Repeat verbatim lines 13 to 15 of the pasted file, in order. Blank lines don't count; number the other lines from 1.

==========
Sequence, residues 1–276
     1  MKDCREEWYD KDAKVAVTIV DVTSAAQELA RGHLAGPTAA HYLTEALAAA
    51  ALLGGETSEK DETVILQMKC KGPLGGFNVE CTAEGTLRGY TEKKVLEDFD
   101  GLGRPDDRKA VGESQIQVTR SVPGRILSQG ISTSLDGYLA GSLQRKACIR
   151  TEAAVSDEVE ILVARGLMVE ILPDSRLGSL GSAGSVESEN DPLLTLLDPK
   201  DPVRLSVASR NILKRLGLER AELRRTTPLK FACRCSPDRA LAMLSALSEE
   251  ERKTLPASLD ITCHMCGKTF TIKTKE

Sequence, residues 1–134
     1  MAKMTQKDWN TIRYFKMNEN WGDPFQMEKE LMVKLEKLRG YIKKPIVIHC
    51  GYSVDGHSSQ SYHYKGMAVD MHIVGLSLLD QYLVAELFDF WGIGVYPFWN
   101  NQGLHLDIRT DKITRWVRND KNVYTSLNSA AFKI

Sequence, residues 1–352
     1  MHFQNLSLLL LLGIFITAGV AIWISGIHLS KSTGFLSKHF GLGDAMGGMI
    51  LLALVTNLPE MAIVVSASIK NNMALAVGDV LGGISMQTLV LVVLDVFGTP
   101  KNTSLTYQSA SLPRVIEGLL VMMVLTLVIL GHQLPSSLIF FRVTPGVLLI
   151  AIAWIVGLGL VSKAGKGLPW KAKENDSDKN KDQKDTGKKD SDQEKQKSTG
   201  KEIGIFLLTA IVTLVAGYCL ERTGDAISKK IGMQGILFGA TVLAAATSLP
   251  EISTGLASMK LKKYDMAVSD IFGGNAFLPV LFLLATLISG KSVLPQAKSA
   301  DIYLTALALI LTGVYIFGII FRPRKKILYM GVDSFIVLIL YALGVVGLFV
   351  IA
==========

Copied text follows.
     1  MHFQNLSLLL LLGIFITAGV AIWISGIHLS KSTGFLSKHF GLGDAMGGMI
    51  LLALVTNLPE MAIVVSASIK NNMALAVGDV LGGISMQTLV LVVLDVFGTP
   101  KNTSLTYQSA SLPRVIEGLL VMMVLTLVIL GHQLPSSLIF FRVTPGVLLI